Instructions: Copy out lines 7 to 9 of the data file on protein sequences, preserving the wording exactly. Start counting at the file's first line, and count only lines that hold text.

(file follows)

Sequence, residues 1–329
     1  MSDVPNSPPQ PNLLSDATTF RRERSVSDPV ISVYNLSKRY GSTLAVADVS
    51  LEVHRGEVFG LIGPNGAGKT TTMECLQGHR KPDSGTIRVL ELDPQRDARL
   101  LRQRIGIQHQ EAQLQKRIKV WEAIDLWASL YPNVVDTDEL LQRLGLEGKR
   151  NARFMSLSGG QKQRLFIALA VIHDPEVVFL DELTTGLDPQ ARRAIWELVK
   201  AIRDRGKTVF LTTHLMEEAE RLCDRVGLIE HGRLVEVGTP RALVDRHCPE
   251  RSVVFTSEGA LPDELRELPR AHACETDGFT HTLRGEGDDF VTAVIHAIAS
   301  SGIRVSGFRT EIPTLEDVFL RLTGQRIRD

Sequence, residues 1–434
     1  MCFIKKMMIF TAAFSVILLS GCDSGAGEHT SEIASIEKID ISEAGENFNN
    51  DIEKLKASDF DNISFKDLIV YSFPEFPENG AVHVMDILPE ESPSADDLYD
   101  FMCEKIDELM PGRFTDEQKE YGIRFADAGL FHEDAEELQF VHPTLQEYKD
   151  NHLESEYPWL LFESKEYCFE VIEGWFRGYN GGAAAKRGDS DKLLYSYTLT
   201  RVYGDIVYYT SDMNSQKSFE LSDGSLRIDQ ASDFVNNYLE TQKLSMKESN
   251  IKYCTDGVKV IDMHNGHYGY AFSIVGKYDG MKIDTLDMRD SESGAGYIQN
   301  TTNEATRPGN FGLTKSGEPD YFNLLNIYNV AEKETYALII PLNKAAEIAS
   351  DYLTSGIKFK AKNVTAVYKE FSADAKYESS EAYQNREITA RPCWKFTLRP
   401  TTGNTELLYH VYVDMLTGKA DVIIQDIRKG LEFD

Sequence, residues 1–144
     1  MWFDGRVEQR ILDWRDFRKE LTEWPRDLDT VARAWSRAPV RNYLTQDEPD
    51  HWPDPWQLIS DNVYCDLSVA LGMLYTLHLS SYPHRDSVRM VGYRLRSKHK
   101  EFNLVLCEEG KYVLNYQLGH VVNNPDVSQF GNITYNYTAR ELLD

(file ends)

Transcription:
   251  RSVVFTSEGA LPDELRELPR AHACETDGFT HTLRGEGDDF VTAVIHAIAS
   301  SGIRVSGFRT EIPTLEDVFL RLTGQRIRD

Sequence, residues 1–434